Worker safety starts at the plant, but it stops at home

As the communities of Brooks and High River deal with COVID-19 outbreaks, they’re finding that many people don't have the means to self-isolate within their own households

For the buy local movement to strengthen, the industry will need more small- and medium-sized processors

Note: This is the second of a three-part series. Read the first article here.

On April 7, High River’s mayor, Craig Snodgrass, took a call from the manager of the Cargill plant, located north of the town, in Foothills County. The plant manager told him that there were six known cases of COVID-19 among the workers.

During his weekly address, Snodgrass said the plant manager kept him in the loop about the precautions Cargill was implementing, including installing dividers in the cafeteria and between workers on the line. They started having conversations about shutting down the plant, although Snodgrass himself didn’t have the authority to order a shut-down. Alberta Health Services also got involved, ensuring the plant was putting in safeguards and advising workers to avoid carpooling from their homes in High River, Calgary or other communities.

Yet within two weeks, one Cargill employee had died of COVID and hundreds were confirmed infected. Now Occupational Health and Safety has launched investigations at Cargill, as well as the JBS plant in Brooks, which has also seen a worker fatality from the coronavirus. Cargill has closed its plant for now. Numbers in Brooks and High River keep climbing.

What has become clear is that measures to control the pandemic can’t start and stop at the plant doors. To extinguish hot spots, health officials and community leaders will need to address the housing situation.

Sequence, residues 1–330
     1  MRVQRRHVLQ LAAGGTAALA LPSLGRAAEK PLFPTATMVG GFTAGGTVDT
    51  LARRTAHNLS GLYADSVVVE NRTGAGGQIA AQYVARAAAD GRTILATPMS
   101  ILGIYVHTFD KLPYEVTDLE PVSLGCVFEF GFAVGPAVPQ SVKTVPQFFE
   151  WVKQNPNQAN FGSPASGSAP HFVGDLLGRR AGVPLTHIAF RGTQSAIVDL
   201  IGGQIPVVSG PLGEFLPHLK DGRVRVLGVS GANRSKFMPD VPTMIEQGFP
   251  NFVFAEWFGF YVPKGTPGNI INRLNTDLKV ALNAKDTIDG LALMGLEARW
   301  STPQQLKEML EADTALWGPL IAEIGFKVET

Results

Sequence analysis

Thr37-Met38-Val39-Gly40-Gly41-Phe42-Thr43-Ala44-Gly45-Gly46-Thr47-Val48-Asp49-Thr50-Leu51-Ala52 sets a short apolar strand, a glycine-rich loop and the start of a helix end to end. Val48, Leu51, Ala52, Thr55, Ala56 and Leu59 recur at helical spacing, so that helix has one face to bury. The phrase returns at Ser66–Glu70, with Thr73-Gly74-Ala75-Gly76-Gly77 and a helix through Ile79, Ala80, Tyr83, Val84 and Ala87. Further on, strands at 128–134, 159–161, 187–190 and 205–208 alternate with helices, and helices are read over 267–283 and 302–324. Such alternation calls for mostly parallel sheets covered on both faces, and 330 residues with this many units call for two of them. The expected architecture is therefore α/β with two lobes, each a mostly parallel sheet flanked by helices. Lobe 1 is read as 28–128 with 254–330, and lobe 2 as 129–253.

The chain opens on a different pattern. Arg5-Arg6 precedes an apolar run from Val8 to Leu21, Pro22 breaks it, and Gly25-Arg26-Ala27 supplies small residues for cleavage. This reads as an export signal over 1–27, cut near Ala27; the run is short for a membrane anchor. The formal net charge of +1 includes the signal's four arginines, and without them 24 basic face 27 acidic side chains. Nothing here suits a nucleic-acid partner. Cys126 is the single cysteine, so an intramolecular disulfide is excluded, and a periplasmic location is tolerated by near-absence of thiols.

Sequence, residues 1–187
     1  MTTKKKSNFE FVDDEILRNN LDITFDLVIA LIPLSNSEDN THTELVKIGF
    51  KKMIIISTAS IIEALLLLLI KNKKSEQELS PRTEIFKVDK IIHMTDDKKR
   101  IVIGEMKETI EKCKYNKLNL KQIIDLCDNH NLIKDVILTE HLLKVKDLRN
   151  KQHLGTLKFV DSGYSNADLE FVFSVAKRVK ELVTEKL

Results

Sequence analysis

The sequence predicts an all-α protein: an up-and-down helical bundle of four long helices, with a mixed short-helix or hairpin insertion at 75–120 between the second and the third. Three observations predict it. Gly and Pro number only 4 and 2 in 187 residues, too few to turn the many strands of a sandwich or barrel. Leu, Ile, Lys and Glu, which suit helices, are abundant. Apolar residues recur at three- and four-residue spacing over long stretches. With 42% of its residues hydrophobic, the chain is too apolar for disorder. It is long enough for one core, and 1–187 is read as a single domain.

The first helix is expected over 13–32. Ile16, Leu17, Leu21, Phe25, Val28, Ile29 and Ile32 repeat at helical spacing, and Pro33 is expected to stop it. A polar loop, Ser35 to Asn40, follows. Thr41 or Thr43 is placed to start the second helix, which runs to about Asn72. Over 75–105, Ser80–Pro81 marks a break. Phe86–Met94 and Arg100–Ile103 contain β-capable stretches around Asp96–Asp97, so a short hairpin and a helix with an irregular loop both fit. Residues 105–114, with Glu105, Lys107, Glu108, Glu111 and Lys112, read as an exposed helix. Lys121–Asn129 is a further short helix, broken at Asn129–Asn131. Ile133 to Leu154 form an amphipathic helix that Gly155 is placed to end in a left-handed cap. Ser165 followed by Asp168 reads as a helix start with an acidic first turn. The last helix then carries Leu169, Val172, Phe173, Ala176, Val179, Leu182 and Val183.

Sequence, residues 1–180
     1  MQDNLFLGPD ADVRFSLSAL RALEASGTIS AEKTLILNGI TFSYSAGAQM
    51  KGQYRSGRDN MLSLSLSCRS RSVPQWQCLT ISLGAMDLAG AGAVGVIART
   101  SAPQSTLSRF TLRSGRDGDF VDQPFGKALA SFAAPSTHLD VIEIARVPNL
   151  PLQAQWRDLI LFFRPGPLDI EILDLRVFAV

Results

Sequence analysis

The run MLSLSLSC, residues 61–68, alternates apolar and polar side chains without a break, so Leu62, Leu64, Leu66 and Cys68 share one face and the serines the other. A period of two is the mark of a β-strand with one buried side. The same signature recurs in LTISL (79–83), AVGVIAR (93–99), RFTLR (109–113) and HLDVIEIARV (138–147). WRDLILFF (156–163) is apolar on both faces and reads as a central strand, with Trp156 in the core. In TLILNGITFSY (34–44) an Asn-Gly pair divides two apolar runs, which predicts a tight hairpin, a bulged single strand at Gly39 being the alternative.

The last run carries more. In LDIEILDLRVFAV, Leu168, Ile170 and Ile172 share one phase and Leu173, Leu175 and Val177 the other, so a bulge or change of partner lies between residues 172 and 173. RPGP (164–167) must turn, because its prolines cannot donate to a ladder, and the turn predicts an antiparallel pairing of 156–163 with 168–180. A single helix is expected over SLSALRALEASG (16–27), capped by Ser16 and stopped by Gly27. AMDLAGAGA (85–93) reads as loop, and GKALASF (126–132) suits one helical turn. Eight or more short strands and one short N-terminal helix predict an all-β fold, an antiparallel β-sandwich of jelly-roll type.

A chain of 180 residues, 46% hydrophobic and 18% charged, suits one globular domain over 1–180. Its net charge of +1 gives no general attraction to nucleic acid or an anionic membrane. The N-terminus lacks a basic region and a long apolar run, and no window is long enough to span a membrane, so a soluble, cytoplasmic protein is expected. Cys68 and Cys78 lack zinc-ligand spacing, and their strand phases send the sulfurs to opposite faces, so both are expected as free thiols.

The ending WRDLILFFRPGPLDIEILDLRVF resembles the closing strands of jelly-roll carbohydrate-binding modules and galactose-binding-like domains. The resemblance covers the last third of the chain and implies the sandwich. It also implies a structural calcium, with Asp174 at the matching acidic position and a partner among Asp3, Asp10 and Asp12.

There’s no one typical housing scenario among newcomers, said Mohammed Idris, service manager with Brooks and County Immigration Services. Each situation depends largely on the economic position of the household.

Brooks and County Immigration Services is a “hub and a connector,” Idris said during an interview, helping people find the resources and services they need. Newcomers, whether they’re immigrants, refugees or temporary foreign workers, can face many challenges when they come to Brooks, such as language barriers and accommodation. Idris and his colleagues help them with these challenges, and also give them a way to feel like they’re part of the community by taking in rodeo and Canada Day events, for example.

Some single people have roommates and some families rent out their basements, Idris said. Barry Morishita, mayor of Brooks, added that some households include multi-generational or large families. Some people are sharing space so they can send money home.

Nor is it unusual to have families sharing a home within the community, or to have someone living in the basement of a family’s home, said Ric Morales, director of community development and integration services at Calgary Catholic Immigration Society.

In many ways, those housing patterns reflect trends within wider Canadian society, both Morales and Idris noted. But they also present logistical challenges. For example, if you’re infected, how do you self-isolate within a large household? And what does it mean to self-isolate when some people in the household are still working outside the home, and others are not?

Morales and his colleagues are looking for “isolation centres,” such as hotels, where an infected person can isolate away from the rest of the household. Another potential option is to allow infected people to stay in their own homes, and move those who are free of COVID to a different place, said Morales.

Ultimately, what is happening in High River and Brooks is symptomatic of what is happening nationally with the pandemic, said Morales.

“And it just so happens that at this time we have a high concentration at this point and place.”

About the author


Lisa Guenther

Lisa Guenther is the editor of Canadian Cattlemen. You can follow her on Twitter @LtoG.



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